Just when you think that headlines about Louis Tomlinson cannot get any more ridiculous, along comes something to prove you wrong. One Direction star Louis has been at the centre of a wave of drama and controversy ever since the Sun announced last July that Tomlinson was to become a father. Many of Tomlinson’s fans have been suspicious of the way the whole baby story has been handled. What should have been one of the happiest events in Louis’ life has been built into one huge and very bizarre drama from beginning to end.
Louis fans have been left confused and bewildered by what has come to be a PR disaster for the One Direction star. Of course, much of the responsibility for the way the story of Tomlinson’s baby has been sensationalized lies with elements of the press who seem to be determined to destroy Louis’ reputation.
UK tabloid The Sun has been the chief architect of negative stories about Tomlinson. Dan Wootton’s now-infamous piece in October laid much of the responsibility for One Direction’s forthcoming hiatus at Louis’ door. Since then, Tomlinson has been subject of a virtually non-stop wave of negative reporting.
You might have thought that the birth of Louis’ son Freddie three weeks ago would have given at least a temporary respite from the negativity. It seems that this is not to be the case.
Earlier this week, we saw a raft of stories about how much Tomlinson was spending on a nursery for little Freddie. Estimates varied wildly across news outlets. Most claimed that Louis had spent a modest $5,000, while others claimed that Tomlinson was splashing out $1 million on a lavish designer nursery. Bear in mind that Louis and baby mama Briana Jungwirth are both in rented houses at present.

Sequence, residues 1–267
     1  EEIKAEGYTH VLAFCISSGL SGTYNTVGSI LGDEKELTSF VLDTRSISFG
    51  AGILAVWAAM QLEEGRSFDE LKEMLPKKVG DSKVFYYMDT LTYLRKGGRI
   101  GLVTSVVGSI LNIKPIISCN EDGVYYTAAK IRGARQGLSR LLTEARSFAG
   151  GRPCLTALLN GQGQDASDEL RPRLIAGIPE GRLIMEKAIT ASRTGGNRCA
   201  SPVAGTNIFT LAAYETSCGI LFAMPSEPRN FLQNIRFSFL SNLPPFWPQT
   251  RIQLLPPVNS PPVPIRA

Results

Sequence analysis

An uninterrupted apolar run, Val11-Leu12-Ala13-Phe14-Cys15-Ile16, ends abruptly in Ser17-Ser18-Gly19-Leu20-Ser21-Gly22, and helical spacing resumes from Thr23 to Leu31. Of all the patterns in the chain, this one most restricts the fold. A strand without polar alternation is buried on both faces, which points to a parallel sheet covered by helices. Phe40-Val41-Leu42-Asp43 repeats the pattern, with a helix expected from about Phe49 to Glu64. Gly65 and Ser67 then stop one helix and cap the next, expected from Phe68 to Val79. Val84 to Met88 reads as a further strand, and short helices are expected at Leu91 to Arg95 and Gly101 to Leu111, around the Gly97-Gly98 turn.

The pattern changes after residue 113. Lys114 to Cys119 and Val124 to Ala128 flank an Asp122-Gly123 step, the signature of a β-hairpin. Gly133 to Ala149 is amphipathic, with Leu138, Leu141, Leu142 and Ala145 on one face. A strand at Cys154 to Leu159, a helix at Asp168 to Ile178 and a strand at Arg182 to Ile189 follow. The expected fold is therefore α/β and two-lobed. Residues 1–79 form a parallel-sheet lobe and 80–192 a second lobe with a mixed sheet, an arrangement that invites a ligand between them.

Many of Tomlinson’s fans believe that Louis silence about Briana’s pregnancy was a major factor in the way the story was sensationalized. You might have thought that, after Freddie’s birth, speculation would have died down, but sadly it seems that news about Louis’ son is not going to go away anytime soon.
We have even seen some news outlets, including the Daily Mail post Freddie Tomlinson’s birth certificate online. Many fans were suspicious of this and claimed that the certificate was either fake or obtained by nefarious means. In fact, baby Tomlinson’s birth certificate was obtained perfectly legally, as in California “informational” copies are freely available.
You may have thought that the posting of Louis’ sons birth certificate would have brought rumor, speculation, and sensationalized reporting about the matter to a close. Unfortunately, it appears that this will not be the case. Several regional newspapers in Devon, England, are claiming that Tomlinson has “stolen” his baby’s name from a woman living in the southern English county.
The Herald Express reports that Alice Murrell and partner Glynn O’Connell wanted to give their third child a unique name, so named him Freddie Reign. Apparently the couple are furious that Louis has given his son the same name.
“I wanted an original name for my boy, but now it’s the same name as the son of a superstar. My boy will now either be mocked, or have the same name as a million other children.”
I hate to break the news to Ms. Murrell, but Freddie is a pretty common name, certainly a long way from unique. With over seven billion people living on this rock of ours, it is a pretty safe bet that, no matter what Louis named his son, others would have the same name.
According to the Plymouth Herald, Alice did hope that Louis was having an amazing experience as a first-time parent.
“Having children is an amazing feeling and I’m sure Louis is experiencing that first hand. He’s picked a great name, I just wish it wasn’t the same as my son.
“I hope it’s not as popular as I imagine it could be, but I fear it will become huge.”
Of course Alice Murrell is not responsible for the way the headline writers framed their story about the coincidence of her son having the same first names as Freddie Tomlinson. The stories do however illustrate how Tomlinson is subject of sensationalized headlines on a daily basis.
[Photo by Stuart C. Wilson/Getty Images]